Shmuly Yanklowitz

American Businesses Hold Responsibility for the Uyghur Genocide

(Wikimedia Commons)

What does it take to get near-unanimous bipartisan support from both houses of Congress these days? And on a potentially delicate issue of international relations? And for them to take action, moreover, which will inconvenience American businesses? Only a decision of such obvious moral necessity as ending active American participation in a genocide!

In 2021, one year into President Joe Biden’s term, The U.S. Congress passed the Uyghur Forced Labor Prevention Act. Its stated goal is “To ensure that goods made with forced labor in the Xinjiang Uyghur Autonomous Region of the People’s Republic of China do not enter the United States market.” China is perpetrating repression and atrocities of horrific scale in attempting to wipe out the cultural heritage of the Uyghur ethno-religious minority in East Turkistan or Xinjiang Region. Along with separation of families, forced sterilization, and the destruction of mosques, the Chinese regime’s persecutions have included mass detention and forced labor. Whatever other actions we should take to halt the genocide (Save the date for April 17-18, when the Elie Wiesel Foundation for Humanity will be holding a mass gathering to disrupt the genocide in New York City)—we should not be purchasing the goods produced out of that genocide.

On this point even the usually at-odds Republicans and Democrats of the House and Senate largely agree. When the stakes are high enough, and the ethics are absolute enough, and the facts are clear enough, sometimes the US federal government can still take a stand for what is right. Even against a global superpower like China.

But it isn’t working.

I don’t just mean that China is continuing its atrocities. I don’t even just mean that China is continuing its use of forced labor as a genocidal tactic, in spite of losing the American market.

I mean that China has not lost their American market for the products of their atrocities.

You, dear reader, are probably right now using products made, consuming seafood processed, or wearing clothing produced, by the hands of Uyghur laborers who are imprisoned in the process of the deliberate annihilation of their people and their culture.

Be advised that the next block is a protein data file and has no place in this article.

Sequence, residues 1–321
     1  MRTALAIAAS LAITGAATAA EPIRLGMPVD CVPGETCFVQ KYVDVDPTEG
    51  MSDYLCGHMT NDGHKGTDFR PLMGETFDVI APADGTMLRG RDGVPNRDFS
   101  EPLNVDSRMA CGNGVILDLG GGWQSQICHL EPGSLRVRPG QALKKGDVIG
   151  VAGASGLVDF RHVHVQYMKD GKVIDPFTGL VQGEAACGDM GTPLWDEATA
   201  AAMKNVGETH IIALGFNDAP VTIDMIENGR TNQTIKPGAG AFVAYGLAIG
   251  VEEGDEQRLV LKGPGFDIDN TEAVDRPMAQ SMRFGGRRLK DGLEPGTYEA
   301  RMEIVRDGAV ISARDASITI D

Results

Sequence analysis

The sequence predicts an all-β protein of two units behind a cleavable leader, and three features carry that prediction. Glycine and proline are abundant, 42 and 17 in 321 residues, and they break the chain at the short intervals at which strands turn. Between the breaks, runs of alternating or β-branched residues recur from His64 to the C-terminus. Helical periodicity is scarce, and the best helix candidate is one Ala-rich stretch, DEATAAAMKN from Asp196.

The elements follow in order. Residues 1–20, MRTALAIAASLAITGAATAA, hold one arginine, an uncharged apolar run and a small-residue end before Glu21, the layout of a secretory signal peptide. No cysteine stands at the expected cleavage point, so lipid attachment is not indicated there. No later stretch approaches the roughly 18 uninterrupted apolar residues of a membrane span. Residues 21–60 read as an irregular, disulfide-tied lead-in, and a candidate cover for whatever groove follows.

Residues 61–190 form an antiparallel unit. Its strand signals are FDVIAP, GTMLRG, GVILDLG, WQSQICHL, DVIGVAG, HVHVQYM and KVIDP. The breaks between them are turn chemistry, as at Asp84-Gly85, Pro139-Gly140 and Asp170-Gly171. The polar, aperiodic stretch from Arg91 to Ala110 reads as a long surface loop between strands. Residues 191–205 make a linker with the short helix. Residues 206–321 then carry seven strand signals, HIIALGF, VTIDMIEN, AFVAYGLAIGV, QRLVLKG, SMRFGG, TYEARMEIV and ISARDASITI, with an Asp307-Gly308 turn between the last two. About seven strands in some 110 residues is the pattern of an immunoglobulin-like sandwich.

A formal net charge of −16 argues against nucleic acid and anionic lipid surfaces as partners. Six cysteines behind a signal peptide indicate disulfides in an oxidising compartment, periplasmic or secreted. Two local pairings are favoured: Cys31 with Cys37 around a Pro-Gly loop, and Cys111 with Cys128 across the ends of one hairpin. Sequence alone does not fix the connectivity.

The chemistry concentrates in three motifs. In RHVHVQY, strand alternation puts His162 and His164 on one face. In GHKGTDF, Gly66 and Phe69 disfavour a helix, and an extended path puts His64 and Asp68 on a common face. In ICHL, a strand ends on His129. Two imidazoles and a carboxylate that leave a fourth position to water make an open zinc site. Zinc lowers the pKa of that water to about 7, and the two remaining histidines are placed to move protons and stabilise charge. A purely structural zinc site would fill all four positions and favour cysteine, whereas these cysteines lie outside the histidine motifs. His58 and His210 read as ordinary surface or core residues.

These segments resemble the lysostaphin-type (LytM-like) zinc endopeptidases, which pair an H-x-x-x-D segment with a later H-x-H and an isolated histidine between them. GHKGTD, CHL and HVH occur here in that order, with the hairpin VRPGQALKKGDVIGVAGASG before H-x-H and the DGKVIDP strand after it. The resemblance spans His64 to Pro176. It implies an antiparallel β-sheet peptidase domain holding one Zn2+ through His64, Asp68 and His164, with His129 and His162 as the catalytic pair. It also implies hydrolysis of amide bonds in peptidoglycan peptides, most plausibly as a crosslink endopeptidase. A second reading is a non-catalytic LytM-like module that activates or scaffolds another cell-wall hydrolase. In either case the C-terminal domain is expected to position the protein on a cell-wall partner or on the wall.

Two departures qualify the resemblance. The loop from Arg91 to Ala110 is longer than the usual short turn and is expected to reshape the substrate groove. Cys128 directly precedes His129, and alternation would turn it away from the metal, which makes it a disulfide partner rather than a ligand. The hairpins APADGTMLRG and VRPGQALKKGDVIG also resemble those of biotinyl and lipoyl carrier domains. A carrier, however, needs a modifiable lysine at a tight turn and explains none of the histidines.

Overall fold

What went wrong?

The DHS has faced challenges in enforcing the Uyghur Forced Labor Prevention Act. The volume of imports, lack of sufficient resources to perform checks, loophole policies, and literally moving targets of locations of interest have all led to massive failures to enforce the policy, and continued sales of forced labor products in America. You can read more about the failures in this congressional testimony by Louisa Greve, Director of Global Advocacy, Uyghur Human Rights Project and this bipartisan letter to DHS from a Congressional Select Committee (two members of Congress writing on behalf of all 24 members of their committee).

As we can see from a select committee report, the problem is enforcement. Additionally, the ban doesn’t include packages below a certain cost and there is a lot of re-exporting where products get repackaged in another country and then re-exported. An Israeli company, Ultra Information Solutions, is tracking this and has documented closely how this is all happening. Millions of shipments are sent to the U.S. each year, through companies like Temu and Shein, that dodges compliance with the Uyghur Forced Labor Prevention Act (UFLPA). This means we are all but certain that regularly products produced through Uyghur forced labor are being sold in this country, making the UFLPA ineffective at achieving its goals.

So what can we do?

Now is the time for the private sector to rise to the moral (and legal) demands of the moment. We need transparency from businesses to prove that they are not profiting from the brutal repression and forced labor of the Uyghur people.

The Coalition to End Uyghur Forced Labour, which advocated for the law, is now calling on businesses directly to ensure compliance with the law throughout their supply chain, and requesting documentation. They are publicizing which companies are actively complying and which are not responding in various relevant industries. They are issuing report cards and using the hashtag #ForcedLabourFashion across social media to hold the fashion industry in particular accountable.

If both Republican and Democratic elected representatives, many of whom are supported by industry funds, and many of whom ideologically support free market economics and deregulation, can come together and say “this is too far,” then corporations can look beyond their short-term bottom-line competition and do the same, document their supply chains, and give consumers the option to shop without being complacent participants of genocide.

About the Author
Rabbi Dr. Shmuly Yanklowitz is the President & Dean of the Valley Beit Midrash (Jewish pluralistic adult learning & leadership), the Founder & President of Uri L’Tzedek (Jewish Social Justice), the Founder and CEO of Shamayim (Jewish animal advocacy), the Founder and President of YATOM, (Jewish foster and adoption network), and the author of 22 books on Jewish ethics. Newsweek named Rav Shmuly one of the top 50 rabbis in America and the Forward named him one of the 50 most influential Jews. The opinions expressed here represent the author’s and do not represent any organizations he is affiliated with.
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